Julia Baird: My brother John Lennon’s love for Scotland was blatant
Few people will ever know what it’s like to have a sibling forever remembered and discussed the world over, but that is the reality for Julia Baird, who has now lived the greater portion of her life deprived of John’s physical presence, yet surrounded by his imperishable legacy.
At the end of the 1970s, the inimitable icon John Winston Ono Lennon, who would have turned 80 last month, was longing for his family and reflecting on boyhood summers spent in Scotland.
Had his life not been cut tragically short in New York City 40 years ago this December, the former Beatle would have returned. An audio recording, made shortly before his death, confirms his intention to take second son Sean to Edinburgh in 1981.
For John’s eldest sister, Julia, the knowledge that her big brother, who she hadn’t seen in over a decade, had been planning to come home was excruciating.
"It’s sad beyond words,” Julia told Scotland on Sunday, “it’s almost a parody; you could not make it up.
“When he left for the United States in 1971, nobody, including John, knew he’d be gone forever.”
Lennon’s love for Scotland is legion. As a youngster, he made the journey up from Liverpool often and struck up a brother-like bond with his cousin, Stan Parkes – “Stan was lovely; absolutely adorable,” says Julia - and had great affection for his maternal aunt, Elizabeth, known to her family as Mater, and dentist uncle, Bert Sutherland, who owned a neat terraced property in the affluent Murrayfield area of Edinburgh.
In the summer, the family would drive up to their croft in remote Durness, Sutherland, where John fell in love with the rugged scenery and boundless freedom offered to him.
Six-and-a-half years his junior and brought up in a separate household, Julia never joined her brother on any of his trips, but, along with younger sister Jacqui Dykins, she too regularly visited Mater [who John and his sisters “adored”], Bert and Stan and had the same experiences as John.
The sisters’ first visit, however, came immediately after their beloved mother, who they shared with John and was also named Julia, was killed in a car accident in 1958. Their father Bobby stricken with grief, the pair were sent more than 200 miles away to stay with Mater and Bert.
The heartbreaking news of their mother’s passing was hidden from the young girls – Julia was aged 11 and Jacqui, just 8 – until their return home to Liverpool around three months later.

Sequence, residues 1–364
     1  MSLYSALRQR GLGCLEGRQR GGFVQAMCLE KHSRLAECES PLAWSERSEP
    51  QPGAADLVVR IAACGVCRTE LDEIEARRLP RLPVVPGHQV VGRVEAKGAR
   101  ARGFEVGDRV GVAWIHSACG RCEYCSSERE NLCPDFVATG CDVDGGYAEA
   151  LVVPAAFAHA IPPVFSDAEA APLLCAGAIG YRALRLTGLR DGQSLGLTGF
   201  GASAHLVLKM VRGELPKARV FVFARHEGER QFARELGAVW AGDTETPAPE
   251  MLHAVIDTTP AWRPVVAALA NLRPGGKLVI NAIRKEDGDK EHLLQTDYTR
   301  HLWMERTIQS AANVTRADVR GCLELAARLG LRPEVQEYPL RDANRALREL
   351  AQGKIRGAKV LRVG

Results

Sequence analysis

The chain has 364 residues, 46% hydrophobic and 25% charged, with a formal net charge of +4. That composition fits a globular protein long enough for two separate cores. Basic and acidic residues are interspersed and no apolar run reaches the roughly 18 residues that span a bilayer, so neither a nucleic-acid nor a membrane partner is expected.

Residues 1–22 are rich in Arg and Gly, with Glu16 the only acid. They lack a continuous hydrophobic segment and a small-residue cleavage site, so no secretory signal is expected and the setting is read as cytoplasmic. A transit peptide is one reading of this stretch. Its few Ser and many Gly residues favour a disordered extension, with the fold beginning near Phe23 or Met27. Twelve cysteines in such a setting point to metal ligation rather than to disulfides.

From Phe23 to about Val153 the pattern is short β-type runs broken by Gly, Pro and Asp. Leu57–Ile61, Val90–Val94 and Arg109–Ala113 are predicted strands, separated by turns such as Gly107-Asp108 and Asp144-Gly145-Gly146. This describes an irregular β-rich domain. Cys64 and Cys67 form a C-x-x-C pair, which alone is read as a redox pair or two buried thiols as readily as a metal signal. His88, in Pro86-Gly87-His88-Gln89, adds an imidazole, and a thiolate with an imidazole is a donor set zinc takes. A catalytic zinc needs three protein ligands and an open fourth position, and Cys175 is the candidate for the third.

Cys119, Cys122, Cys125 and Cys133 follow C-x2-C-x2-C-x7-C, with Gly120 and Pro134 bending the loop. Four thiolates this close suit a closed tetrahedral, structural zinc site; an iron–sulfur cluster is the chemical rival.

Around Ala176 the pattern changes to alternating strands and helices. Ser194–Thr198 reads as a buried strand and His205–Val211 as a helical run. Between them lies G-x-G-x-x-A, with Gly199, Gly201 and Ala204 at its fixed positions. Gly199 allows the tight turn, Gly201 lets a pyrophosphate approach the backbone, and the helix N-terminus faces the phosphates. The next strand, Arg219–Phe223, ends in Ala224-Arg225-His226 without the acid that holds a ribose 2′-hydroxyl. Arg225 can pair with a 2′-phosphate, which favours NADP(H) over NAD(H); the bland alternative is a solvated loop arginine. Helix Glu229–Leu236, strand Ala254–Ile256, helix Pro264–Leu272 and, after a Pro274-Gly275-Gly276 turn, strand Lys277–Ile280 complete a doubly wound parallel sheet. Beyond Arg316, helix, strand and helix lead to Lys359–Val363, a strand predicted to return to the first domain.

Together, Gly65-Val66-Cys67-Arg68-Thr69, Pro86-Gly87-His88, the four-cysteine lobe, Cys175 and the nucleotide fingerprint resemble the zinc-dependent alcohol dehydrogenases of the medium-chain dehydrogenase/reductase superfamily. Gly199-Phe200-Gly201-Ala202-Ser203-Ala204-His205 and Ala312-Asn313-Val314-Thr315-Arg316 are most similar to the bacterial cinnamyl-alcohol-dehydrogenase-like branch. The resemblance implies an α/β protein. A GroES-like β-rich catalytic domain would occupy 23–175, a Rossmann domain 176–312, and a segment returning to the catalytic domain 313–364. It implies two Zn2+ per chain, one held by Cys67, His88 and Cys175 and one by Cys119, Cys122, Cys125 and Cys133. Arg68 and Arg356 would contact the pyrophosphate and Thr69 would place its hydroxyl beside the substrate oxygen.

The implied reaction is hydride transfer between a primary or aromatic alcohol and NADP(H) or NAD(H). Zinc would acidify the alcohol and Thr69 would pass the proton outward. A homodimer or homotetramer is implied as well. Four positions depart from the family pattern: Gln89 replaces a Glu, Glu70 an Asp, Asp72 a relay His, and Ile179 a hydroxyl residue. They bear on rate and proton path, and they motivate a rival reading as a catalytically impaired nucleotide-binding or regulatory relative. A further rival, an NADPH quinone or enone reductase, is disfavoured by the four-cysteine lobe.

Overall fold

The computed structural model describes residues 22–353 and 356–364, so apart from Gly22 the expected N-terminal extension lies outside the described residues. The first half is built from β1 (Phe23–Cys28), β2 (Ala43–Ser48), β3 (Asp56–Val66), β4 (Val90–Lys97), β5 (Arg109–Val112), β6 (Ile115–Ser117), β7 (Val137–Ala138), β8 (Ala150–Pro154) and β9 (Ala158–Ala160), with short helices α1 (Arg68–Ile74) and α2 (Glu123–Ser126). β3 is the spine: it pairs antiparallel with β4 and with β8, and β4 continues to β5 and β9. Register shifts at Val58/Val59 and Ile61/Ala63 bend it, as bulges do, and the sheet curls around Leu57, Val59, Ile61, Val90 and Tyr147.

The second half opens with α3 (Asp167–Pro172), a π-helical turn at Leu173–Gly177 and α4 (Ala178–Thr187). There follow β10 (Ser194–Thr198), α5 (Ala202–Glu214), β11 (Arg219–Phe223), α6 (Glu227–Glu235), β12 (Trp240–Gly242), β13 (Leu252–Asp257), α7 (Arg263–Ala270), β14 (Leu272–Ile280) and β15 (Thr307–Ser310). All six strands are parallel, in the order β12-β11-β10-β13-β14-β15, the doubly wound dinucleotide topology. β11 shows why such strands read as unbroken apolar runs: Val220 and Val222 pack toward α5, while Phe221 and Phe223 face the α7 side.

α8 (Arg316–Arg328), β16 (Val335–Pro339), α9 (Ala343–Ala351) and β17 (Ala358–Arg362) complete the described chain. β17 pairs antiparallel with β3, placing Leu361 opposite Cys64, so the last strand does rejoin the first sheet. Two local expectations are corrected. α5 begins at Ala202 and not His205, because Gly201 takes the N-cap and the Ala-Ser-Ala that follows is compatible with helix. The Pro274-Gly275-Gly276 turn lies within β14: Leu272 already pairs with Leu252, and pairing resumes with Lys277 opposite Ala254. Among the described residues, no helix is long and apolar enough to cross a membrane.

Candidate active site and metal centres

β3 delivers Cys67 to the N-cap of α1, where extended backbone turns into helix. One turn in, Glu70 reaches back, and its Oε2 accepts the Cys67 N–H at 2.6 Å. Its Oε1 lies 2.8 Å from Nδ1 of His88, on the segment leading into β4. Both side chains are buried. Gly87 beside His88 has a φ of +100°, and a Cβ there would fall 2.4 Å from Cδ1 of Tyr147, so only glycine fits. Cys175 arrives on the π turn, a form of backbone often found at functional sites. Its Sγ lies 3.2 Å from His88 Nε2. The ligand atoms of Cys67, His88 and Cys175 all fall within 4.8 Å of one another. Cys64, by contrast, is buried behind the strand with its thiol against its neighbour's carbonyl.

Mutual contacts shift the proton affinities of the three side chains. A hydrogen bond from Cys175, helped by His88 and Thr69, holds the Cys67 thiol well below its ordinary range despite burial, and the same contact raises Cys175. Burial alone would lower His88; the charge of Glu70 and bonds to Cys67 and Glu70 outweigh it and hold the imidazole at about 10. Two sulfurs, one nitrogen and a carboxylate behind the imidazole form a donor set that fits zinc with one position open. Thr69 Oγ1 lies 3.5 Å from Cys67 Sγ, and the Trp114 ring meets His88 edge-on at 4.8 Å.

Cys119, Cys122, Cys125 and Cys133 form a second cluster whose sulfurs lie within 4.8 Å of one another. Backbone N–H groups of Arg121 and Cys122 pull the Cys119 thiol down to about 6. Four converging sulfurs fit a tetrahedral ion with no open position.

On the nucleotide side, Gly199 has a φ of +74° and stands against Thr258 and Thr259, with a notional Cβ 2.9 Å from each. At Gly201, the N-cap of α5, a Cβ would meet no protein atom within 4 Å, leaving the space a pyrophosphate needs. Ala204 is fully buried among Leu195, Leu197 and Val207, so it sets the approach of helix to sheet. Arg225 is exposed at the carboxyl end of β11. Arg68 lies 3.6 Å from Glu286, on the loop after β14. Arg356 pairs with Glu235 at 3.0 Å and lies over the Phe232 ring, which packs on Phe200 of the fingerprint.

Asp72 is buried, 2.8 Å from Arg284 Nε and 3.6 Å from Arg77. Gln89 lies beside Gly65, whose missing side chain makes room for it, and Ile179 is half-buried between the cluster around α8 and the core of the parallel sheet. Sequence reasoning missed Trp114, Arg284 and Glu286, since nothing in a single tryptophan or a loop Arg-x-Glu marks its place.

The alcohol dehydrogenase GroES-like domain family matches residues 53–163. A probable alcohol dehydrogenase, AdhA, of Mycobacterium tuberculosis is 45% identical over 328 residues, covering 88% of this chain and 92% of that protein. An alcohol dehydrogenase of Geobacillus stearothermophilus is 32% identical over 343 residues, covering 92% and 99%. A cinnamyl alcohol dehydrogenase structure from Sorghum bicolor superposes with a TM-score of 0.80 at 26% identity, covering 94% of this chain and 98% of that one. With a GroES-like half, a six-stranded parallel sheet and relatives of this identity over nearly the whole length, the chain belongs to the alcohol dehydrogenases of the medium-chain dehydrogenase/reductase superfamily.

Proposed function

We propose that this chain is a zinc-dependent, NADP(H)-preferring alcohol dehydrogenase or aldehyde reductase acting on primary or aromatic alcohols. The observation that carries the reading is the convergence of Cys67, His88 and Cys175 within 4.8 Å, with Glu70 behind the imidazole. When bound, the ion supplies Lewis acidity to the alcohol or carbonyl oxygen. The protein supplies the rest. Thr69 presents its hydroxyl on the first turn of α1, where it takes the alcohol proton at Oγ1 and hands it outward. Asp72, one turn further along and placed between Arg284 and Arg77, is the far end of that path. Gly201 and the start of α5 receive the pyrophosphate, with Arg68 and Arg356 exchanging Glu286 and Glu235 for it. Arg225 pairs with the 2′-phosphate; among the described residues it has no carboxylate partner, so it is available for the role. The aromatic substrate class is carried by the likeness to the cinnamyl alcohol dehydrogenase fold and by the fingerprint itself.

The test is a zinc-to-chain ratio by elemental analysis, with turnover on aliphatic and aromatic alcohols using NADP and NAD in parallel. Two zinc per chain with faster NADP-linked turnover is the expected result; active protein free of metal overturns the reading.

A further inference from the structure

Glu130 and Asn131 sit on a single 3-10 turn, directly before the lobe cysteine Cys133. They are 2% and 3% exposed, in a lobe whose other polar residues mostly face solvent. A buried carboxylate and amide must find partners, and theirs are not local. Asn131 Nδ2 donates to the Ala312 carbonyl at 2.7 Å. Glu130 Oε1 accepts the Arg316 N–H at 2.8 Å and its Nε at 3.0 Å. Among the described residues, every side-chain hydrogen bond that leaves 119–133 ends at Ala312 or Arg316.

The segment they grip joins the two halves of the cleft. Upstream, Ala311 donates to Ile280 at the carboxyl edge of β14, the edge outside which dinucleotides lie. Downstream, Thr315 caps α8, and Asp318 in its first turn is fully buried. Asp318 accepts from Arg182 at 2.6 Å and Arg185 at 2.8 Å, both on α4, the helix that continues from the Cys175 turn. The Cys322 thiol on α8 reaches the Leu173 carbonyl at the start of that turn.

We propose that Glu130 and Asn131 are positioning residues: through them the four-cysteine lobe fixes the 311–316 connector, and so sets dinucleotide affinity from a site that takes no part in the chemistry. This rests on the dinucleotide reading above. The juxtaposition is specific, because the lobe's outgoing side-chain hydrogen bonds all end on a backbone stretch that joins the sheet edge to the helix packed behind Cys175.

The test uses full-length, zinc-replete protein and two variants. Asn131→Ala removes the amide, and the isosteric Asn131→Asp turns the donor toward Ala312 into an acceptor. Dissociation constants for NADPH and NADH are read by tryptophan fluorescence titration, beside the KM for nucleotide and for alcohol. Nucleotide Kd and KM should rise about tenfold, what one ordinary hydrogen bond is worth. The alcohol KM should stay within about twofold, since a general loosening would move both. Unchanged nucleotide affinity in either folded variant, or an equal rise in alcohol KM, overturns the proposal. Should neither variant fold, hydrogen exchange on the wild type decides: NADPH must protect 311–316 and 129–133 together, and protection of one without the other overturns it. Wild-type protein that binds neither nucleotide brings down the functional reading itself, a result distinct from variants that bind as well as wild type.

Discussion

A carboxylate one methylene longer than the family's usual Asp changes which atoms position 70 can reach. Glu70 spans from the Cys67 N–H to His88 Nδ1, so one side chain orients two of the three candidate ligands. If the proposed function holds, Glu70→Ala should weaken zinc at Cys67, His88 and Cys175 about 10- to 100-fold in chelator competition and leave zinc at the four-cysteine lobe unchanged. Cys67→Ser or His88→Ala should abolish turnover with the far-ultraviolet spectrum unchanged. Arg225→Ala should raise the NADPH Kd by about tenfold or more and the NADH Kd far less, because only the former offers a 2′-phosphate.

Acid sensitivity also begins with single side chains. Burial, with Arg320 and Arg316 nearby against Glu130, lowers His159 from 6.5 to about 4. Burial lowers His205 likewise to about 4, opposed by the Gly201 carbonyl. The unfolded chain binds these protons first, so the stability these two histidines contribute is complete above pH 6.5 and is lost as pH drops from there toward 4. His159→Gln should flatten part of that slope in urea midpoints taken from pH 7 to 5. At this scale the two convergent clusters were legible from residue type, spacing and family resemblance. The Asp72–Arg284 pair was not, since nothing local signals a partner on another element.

Now a devout Scoto-phile – she gratefully receives a consignment of Aberdeen butteries and an Oor Wullie annual from one of her many Scottish friends every year – Julia says the country no longer reminds her of those dark days.
"That was our first big introduction – not the best way to meet a country,” says Julia, who is now 73, “but I have disassociated the pain of the first visit from the beauty of Scotland.
"We’d always stay in Edinburgh and then all head north to Durness. It is beyond stunning up there.”
Quizzed on whether she is fed up being asked what it’s like to have John Lennon as her brother, Julia nods.
She says: "He was our brother, but the implication is that John was a superstar from the moment he was born, and that we were living in the gilded cage with John Lennon, ‘Beatle’.
"We learned to separate John the icon from John the brother. It’s instinctive.”
In spite of their age gap, John and Julia were close, but contact would become increasingly rare as The Beatles’ unprecedented ascension to the ‘toppermost of the poppermost’ breached escape velocity.
Julia last laid eyes on John in the spring of 1969, shortly before the infamous Highlands prang in a borrowed Austin Maxi that resulted in John, new wife Yoko Ono, John's first son Julian and Yoko’s daughter Kyoko, being rushed to the Lawson Memorial Hospital near Inverness.
Following John’s post-Beatles move to New York and the titanic struggle with Nixon and the FBI to remain in the US, there was radio silence. Julia and John lost contact.
John’s 18-month fling, his ‘Lost Weekend’, with personal assistant May Pang in Los Angeles in 1973 would turn the tide.
Julia explains: “One thing we have to thank May Pang for was that she told him, ‘get in touch with your family’. Julian was the first, of course, and it wasn’t long before he was out there with John.
"It was Mater who rang me and said ‘Hi Ju, a nice bit of news: John’s looking for you’, and she passed me his number.”
From then on, until his death, Julia’s communication with her brother was restored.
At one point, Julia almost asked John to purchase, not just the family croft in Durness, but the entire region, when the land was up for sale in the mid-1970s.
John Lennon’s lairdship, however, would remain a dream.
Julia says: "Our cousin David rang me and said we should get John to buy it, to which I replied, ‘we can’t ask him to buy a county!’.
"Later on, John found out about it and said, ‘I wish I’d known – I would’ve bought it’.
"John’s love for Scotland is blatant there. He obviously had really fond memories, tied in with the fact that we all loved Mater. We truly did”.
An author and retired teacher, Julia Baird is a director at The Cavern Club in Liverpool, where The Beatles cut their teeth in the early 1960s.
In 2018, The Salvation Army designated Julia the role of Honorary President of the Strawberry Field project, which was set up to bring the iconic suburban garden in Liverpool back to life.
Immortalised in the famous Beatles song written by Julia’s brother John Lennon, Strawberry Field reopened as a tourist attraction and youth centre in September 2019.
In agreeing to this article being published, Julia wishes to acknowledge the following friends in Scotland: Lynne and Liam (Bridge of Don); Craig, Naomi and James (Glasgow); Denise, Jim and family (Moffat); and John Corrigan.
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